The Bills were 2-1, the Patriots were 1-2. With 11:18 left in the third quarter, Bills quarterback Ryan Fitzpatrick threw a short pass to wide receiver Donald Jones, who took it 68 yards to the house and gave Buffalo a 21-7 lead.
It looked like the entire AFC East had been turned upside down. The Bills had a chance to throw New England in the dark basement, lock the door and throw a chair in front of it. Then, the Patriots took a battering ram and blew the door off the hinges with 45 second-half points.
Why the dichotomy?
Heading into the first contest, the Bills had picked up wins over the Kansas City Chiefs (currently 1-7) and Cleveland Browns (2-7). The Patriots had dropped two to the then-surprising Arizona Cardinals (now 4-4) and the second-best team in the AFC, the Baltimore Ravens (6-2) with both losses by a combined three points.
Since then, the combined record of the teams the Bills have played is 20-13. The combined record of the Patriots opponents is 16-17.
It all just goes to show you that even when we think we know where these teams are and where they are headed, anything can change at the drop of a hat.
Of course, some of it is circumstantial based on competition, but both teams have controlled their own destiny to a degree.
The Bills might be better if their high-priced defense wasn't underachieving. The Patriots might be worse if their high-octane offense wasn't picking up the slack for the defense.
The Bills might be better if they gave the ball to running back C.J. Spiller more often. The Patriots might be worse if they gave the ball to running back Stevan Ridley any less.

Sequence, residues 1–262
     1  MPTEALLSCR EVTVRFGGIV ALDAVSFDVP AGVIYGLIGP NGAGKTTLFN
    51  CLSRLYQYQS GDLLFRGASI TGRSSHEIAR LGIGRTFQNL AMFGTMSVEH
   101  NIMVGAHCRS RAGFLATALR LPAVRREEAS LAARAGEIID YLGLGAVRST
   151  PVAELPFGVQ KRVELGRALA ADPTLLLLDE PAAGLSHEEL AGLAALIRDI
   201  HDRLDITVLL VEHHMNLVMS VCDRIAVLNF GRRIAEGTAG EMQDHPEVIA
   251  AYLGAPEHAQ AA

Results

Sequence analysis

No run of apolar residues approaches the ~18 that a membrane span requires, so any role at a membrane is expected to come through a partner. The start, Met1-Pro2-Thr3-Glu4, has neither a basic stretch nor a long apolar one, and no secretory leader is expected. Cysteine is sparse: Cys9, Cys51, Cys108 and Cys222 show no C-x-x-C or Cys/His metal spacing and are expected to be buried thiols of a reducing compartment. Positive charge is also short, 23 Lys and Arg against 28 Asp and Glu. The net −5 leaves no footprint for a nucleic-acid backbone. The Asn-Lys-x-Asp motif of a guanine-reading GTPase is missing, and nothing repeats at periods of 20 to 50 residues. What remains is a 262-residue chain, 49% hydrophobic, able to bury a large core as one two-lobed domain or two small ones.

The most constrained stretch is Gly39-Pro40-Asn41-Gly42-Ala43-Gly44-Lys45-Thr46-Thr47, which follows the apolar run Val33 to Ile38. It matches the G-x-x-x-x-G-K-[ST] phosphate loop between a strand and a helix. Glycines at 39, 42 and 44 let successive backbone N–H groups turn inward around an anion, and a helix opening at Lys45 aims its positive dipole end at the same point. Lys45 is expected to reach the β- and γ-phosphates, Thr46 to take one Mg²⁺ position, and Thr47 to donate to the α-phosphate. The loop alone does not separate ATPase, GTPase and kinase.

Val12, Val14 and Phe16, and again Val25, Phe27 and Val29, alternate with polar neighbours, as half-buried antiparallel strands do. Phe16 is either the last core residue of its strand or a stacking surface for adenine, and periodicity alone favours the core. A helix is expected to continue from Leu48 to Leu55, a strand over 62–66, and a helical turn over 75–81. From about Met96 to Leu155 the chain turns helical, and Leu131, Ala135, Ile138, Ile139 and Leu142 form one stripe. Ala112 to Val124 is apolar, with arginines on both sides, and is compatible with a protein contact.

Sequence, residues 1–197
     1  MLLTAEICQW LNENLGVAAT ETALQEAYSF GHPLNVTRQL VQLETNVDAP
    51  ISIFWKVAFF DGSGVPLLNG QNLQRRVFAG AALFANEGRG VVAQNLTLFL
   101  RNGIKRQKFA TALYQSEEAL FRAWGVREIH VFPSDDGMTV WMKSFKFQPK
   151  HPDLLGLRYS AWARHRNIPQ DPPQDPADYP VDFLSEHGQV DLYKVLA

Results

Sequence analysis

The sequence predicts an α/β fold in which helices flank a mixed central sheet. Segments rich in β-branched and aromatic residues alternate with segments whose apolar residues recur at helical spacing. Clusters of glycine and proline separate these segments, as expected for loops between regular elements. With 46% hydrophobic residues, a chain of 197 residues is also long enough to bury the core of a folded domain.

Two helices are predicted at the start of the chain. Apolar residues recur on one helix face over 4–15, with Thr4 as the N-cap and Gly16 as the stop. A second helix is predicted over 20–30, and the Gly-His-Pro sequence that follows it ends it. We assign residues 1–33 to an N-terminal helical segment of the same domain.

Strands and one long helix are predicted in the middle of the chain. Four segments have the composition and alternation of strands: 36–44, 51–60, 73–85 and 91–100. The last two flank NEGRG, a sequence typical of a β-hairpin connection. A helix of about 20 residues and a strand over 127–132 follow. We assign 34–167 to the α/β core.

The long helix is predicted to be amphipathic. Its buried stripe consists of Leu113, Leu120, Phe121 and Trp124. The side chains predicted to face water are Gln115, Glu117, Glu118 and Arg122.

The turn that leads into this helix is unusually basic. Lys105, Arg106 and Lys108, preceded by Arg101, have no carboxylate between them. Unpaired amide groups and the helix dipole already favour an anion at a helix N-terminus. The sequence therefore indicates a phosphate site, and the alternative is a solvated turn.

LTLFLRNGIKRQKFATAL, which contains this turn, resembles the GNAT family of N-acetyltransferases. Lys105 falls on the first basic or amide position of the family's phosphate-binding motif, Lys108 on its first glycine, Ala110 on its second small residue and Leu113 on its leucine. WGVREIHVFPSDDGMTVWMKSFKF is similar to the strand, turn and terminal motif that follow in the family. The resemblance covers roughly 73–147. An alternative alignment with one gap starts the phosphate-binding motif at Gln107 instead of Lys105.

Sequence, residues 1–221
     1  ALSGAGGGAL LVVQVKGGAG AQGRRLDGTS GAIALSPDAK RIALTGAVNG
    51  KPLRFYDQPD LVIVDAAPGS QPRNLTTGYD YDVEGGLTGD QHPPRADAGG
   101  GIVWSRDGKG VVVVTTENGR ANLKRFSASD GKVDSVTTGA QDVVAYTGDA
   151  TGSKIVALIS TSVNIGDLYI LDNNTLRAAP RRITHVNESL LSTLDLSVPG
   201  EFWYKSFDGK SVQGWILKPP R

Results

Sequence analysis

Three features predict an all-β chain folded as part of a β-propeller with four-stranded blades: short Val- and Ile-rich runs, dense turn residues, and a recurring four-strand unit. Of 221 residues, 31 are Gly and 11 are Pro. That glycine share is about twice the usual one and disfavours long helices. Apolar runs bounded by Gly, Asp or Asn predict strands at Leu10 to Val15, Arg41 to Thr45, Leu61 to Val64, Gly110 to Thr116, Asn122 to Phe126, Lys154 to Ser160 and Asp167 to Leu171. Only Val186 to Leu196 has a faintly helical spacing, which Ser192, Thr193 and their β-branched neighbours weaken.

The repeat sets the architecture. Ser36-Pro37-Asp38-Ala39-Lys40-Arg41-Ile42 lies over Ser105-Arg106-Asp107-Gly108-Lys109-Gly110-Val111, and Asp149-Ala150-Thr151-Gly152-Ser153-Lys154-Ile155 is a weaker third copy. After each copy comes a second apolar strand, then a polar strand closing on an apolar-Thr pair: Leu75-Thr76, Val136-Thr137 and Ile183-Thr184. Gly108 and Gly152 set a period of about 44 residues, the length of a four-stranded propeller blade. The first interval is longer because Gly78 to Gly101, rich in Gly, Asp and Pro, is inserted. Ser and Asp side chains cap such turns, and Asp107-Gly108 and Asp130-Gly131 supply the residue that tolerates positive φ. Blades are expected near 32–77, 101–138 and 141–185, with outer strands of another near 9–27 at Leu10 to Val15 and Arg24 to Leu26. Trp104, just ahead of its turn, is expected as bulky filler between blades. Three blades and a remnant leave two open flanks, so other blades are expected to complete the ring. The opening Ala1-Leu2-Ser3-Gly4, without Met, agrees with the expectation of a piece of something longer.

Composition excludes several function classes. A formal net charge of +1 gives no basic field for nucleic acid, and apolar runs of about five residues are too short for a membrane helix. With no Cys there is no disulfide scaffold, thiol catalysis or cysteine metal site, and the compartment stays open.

And while the difference in these teams may seem as simple as the talent at quarterback, if the trajectory of these two teams is going to change, it will be about much more than just the quarterbacks.
If Buffalo's trajectory is to change, it will be because head coach Chan Gailey finally gets the idea that hey, maybe we should hand the ball to Spiller more than six times in a game. If New England's trajectory is to change, it will be because the Patriots offense is no longer being able to carry the burden for their burgeoning defense.
Who will win on Sunday?
And if the trajectory for these two teams is going to change anytime before the conclusion of the 2012 regular season, Week 10's showdown will have to mark that turning point. Neither team's remaining schedule is murderous, but the Patriots have proven much more likely to take advantage of that than the Bills have.
But as we all know, it doesn't take long for things to get turned on their head in the NFL. In what's been a crazy season thus far, perhaps no two teams could tell you that better than the Bills and the Patriots.
Erik Frenz is the AFC East lead blogger for Bleacher Report. Be sure to follow Erik on Twitter and "like" the AFC East blog on Facebook to keep up with all the updates. Unless specified otherwise, all quotes are obtained firsthand or via team press releases.